ASAB — All Statues Are Bastards? The monument to Samuel Sullivan Cox in Tompkins Square was recently graffitied. (Photo by Paul DeRienzo)

Apparently, not all statues citywide are being guarded around the clock, though. In Tompkins Square Park, the one of Congressmember Samuel Sullivan Cox was recently tagged with another anti-police favorite — ACAB, for “All Cops Are Bastards” — along with an anarchy symbol thrown in, for good measure.

Cox served in Congress in both his home state of Ohio and New York. Known as the “Letter Carriers’ Friend,” he passed legislation leading to paid benefits and a 40-hour workweek for postal employees. Mail carriers raised $10,000 to fund the monument.


  1. Ina Ina July 24, 2020

    Watch the Arch but not the drug dealing in the NW end of the Park? Let the Park Enforcement Patrol officers watch the Arch and let the NYPD bust the dealers. Parents want and deserve a safe and clean park back. Tired of escorting my kids around the minefield of needles and rubbish. We support our Police and want them to fight crime, not babysit statues.

    • Village Mom Village Mom July 25, 2020

      I agree, the playground west of the arch stinks of pot smoking and the playground area by the “mound” behind the chess tables is the same. I don’t want my kids getting sick — there is always trash, spit and the smell of urine. You can’t even walk down the paths without being bombarded by stench or someone hawking drugs or shoplifted goods. Several mothers and I have called the mayor’s office and the news media. We also joined the neighbors’ group, which is lobbying with other neighborhood and block associations. It’s terrible.

  2. Hary Pincus Hary Pincus July 22, 2020

    No one has the right to destroy the beautiful works of art and architecture that belong to everyone, upon their own whim. What will be left to us if individuals can simply vent their angst upon the art and architecture that was created by our forebears which generations of New Yorkers have held dear as a legacy for our children? As our city becomes increasingly cluttered with glass-box condos that could exist anywhere, our beloved landmarks have even greater significance than ever.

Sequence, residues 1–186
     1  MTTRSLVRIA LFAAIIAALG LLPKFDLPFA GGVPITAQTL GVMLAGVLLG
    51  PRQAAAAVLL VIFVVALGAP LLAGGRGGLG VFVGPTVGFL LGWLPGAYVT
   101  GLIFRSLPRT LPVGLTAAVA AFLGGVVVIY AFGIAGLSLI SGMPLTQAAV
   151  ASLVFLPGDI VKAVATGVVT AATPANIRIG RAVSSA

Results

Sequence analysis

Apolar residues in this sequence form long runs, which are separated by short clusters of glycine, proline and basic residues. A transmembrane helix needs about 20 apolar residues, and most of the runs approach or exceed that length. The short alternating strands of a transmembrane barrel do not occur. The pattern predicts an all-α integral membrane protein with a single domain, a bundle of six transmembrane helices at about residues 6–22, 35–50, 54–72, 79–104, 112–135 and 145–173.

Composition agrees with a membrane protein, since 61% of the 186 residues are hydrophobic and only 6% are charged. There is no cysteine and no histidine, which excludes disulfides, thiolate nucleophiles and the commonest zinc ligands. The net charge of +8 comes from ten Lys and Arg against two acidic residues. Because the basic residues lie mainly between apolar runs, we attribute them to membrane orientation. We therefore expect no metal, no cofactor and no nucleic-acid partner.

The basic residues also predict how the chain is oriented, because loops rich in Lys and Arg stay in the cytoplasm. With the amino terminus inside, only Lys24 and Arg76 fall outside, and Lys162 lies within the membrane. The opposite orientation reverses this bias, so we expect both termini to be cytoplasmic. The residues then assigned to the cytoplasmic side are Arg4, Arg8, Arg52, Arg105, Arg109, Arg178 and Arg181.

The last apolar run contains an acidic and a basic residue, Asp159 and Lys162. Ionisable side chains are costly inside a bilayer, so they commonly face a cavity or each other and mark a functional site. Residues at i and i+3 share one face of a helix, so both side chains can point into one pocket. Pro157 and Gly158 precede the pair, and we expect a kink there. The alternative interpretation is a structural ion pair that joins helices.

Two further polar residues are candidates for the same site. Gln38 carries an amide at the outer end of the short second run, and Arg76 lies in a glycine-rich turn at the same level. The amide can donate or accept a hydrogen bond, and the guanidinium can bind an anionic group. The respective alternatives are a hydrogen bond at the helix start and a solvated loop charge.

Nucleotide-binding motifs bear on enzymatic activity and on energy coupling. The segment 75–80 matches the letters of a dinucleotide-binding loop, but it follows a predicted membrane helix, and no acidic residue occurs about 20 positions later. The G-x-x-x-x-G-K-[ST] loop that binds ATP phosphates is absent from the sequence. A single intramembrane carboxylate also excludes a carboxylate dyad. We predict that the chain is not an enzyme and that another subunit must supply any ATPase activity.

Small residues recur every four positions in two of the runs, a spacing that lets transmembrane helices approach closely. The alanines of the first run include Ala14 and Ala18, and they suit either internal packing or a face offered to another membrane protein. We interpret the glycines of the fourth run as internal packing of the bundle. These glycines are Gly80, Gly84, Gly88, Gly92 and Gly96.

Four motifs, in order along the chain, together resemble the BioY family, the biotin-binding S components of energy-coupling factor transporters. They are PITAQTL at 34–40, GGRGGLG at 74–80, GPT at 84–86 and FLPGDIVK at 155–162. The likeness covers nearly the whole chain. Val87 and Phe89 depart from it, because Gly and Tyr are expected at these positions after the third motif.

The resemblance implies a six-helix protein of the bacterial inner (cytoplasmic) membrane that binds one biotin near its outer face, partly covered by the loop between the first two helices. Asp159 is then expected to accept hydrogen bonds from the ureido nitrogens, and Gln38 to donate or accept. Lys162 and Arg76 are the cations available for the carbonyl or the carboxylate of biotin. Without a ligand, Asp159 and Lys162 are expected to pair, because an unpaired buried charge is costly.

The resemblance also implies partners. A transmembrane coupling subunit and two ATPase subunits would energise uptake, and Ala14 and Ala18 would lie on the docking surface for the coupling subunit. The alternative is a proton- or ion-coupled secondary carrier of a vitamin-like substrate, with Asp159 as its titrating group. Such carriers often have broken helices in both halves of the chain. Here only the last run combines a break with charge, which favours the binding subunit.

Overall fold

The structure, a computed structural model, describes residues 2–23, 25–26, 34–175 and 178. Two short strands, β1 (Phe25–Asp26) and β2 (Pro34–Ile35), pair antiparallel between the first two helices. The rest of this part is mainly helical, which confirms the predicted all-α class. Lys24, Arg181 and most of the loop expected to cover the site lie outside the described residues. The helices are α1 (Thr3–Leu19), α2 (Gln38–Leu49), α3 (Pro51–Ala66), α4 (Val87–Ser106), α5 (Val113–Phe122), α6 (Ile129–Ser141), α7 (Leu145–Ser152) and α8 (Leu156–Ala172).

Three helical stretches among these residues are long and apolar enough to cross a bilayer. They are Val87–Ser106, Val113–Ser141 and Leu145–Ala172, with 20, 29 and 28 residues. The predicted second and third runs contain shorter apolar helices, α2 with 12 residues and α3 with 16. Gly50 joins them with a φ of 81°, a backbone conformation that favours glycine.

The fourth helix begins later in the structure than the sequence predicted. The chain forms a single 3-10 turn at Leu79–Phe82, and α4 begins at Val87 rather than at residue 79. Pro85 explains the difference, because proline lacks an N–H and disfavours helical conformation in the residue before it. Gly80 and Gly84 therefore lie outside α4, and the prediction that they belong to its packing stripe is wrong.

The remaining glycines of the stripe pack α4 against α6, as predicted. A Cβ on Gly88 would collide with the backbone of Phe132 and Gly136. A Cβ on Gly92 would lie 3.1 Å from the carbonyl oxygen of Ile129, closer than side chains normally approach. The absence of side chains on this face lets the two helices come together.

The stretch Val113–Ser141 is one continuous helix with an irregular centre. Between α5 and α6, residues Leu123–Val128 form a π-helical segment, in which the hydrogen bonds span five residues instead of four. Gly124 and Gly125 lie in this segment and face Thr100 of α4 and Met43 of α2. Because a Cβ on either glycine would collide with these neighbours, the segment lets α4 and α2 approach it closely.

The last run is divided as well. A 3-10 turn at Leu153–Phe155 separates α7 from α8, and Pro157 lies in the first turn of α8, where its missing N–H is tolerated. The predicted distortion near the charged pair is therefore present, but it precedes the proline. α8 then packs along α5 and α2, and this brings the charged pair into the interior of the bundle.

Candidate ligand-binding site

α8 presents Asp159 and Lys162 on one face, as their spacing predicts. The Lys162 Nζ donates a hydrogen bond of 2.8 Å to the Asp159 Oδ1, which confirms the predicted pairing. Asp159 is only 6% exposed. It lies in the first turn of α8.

Ironically, the Washington Square Arch has been a symbol of resistance since January 23, 1917, when a group of artists led by Marcel Duchamp, John Sloan and a blonde violinist named Gertrude Dick (who gave out business cards that simply read “Woe” because, as she explained, “Woe is me”) slipped past a guard, mounted the 110 steps to the top of the arch, and drew up a parchment declaration that stated “henceforth Greenwich Village would be a free and independent republic.”

    So is freedom equivalent to destruction, or creation?

  3. steve stollman steve stollman July 22, 2020

    When I had my newsstand in front of City Hall in the 1980’s there was a demonstration one day which was composed of several thousand Chinese women, workers in the local garment trade, mostly in miserable factories mere blocks from these hallowed halls, who wanted to send a message to the politicians huddling inside that here were vital matters concerning them that needed to be addressed. They all wore hats made of yesterday’s newspaper which carried a dual message: that they could make something with their hands, and that they were desperately poor and could only afford such a hat.